Massachusetts state prosecutors revealed in court this week that former state Speaker of the House Salvatore DiMasi and his friend, former accountant Richard Vitale, were significantly involved in trying to get the state’s anti-scalping laws repealed two years ago.
According to a report in the Boston Globe, the two men, and state Rep. Thomas Petrolati, worked extensively with the Massachusetts Ticket Brokers Association (MTBA), headed up by Ace Ticket owner Jim Holzman, to have the laws changed to make ticket resale legal. The MTBA is not accused of any wrongdoing, but Vitale is facing charges for allegedly violating state lobbying laws.
The repeal bill passed through the state House, but later died in the state Senate, in part due to the mounting controversy at the time. Holzman allegedly had extraordinary access to the politicians through Vitale, and Holzman was supposedly able to make suggestions on language for the bill that later ended up in the proposal, according the Boston Globe. Vitale has denied any wrongdoing, and his attorney has said that Vitale didn’t work the minimum number of hours to qualify as a lobbyist.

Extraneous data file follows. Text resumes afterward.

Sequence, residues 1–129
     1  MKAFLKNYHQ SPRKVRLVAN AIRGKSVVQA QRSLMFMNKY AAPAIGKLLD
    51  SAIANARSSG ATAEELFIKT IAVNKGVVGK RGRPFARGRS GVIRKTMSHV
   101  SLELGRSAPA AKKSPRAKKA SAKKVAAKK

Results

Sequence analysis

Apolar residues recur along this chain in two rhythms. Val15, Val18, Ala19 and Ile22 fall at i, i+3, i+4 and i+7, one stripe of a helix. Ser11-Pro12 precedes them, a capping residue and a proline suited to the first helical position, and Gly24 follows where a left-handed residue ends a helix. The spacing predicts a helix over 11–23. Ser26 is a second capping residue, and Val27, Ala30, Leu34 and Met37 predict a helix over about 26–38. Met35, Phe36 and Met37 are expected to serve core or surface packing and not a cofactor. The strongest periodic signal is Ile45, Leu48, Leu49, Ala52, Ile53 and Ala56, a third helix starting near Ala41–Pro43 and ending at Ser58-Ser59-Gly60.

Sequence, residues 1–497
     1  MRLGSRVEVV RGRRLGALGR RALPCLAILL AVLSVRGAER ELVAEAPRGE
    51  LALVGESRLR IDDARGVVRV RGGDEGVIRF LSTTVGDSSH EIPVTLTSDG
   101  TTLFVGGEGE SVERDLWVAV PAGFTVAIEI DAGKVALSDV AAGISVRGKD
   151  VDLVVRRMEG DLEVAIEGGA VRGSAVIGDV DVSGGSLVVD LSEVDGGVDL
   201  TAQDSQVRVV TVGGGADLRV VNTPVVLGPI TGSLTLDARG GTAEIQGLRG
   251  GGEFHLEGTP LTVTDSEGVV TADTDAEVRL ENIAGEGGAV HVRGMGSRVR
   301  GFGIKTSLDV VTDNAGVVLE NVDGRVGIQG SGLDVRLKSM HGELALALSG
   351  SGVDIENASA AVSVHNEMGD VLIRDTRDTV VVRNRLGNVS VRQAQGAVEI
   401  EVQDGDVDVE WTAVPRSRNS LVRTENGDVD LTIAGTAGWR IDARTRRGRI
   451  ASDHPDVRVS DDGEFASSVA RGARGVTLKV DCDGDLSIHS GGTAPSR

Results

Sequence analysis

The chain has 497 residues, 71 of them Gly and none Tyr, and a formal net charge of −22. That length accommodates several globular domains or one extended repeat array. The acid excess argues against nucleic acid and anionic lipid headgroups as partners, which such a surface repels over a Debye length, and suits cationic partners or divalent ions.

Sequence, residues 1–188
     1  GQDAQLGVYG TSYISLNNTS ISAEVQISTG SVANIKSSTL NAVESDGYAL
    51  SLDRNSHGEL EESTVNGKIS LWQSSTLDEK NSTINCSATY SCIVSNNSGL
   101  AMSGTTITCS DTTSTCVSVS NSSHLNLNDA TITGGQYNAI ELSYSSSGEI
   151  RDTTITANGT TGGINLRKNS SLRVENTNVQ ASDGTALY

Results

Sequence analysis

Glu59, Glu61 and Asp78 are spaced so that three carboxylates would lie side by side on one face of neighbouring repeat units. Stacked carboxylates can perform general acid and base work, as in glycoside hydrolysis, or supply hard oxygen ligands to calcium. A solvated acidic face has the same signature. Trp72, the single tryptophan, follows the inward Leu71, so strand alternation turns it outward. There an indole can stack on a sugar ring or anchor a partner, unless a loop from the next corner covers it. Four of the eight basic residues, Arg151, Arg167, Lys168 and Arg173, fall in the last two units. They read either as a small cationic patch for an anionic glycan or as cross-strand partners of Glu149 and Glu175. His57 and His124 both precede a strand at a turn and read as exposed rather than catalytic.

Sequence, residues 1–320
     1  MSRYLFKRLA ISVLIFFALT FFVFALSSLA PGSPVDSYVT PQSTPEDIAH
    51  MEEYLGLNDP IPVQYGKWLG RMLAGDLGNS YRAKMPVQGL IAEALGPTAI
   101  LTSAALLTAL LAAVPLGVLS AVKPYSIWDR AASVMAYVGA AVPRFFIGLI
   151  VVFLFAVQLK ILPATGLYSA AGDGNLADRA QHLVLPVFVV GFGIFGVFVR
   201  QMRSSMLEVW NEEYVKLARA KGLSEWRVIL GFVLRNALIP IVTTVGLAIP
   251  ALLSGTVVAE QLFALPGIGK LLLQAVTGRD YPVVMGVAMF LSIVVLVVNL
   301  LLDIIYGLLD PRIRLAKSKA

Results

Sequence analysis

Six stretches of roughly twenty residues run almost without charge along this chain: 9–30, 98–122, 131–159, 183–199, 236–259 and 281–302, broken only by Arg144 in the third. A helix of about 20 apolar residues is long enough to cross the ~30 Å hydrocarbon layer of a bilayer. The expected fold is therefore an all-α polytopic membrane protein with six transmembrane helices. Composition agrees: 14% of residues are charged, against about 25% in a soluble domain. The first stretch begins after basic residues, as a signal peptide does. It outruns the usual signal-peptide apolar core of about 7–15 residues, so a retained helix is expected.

Holzman’s company is arguably the most powerful ticket brokerage in the state, and it has a contract with the Boston Red Sox as the team’s secondary ticket reseller.
Vitale, DiMasi and two others are separately facing a federal indictment on unrelated corruption charges for their alleged roles in trying to get state software contracts steered to a Canadian software company.
(The image accompanying this story is from the Boston Globe)